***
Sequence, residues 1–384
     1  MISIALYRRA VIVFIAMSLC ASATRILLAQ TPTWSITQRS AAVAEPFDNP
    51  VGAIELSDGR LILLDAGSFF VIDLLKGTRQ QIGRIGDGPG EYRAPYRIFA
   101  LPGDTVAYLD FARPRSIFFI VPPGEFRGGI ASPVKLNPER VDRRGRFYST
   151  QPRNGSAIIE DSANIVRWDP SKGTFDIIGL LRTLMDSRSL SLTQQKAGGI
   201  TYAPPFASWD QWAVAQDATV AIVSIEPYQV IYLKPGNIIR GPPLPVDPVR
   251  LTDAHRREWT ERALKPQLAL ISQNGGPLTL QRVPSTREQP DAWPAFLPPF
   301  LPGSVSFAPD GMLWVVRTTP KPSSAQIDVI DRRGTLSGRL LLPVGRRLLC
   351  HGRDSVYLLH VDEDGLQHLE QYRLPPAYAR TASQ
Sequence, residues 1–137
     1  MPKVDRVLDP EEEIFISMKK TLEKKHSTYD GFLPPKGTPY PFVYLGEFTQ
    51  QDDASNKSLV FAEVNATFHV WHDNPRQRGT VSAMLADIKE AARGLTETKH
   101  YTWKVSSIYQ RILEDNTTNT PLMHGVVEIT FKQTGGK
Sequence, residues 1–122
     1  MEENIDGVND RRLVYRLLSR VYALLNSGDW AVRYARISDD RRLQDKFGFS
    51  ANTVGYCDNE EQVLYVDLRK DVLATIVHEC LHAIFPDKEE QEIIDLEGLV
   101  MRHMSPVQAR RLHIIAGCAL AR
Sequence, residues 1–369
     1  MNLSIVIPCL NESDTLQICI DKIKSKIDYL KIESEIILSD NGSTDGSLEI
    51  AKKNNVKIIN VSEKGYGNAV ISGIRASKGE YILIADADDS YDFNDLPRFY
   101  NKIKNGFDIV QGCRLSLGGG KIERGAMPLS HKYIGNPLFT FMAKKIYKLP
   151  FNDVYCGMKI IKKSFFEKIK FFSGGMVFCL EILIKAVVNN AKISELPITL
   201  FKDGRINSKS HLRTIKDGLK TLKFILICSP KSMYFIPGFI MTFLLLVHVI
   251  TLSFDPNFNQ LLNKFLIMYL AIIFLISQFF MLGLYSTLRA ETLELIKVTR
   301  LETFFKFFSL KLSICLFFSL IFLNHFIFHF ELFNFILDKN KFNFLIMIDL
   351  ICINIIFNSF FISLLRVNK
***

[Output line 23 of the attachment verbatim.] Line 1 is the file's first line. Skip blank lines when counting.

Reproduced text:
   201  FKDGRINSKS HLRTIKDGLK TLKFILICSP KSMYFIPGFI MTFLLLVHVI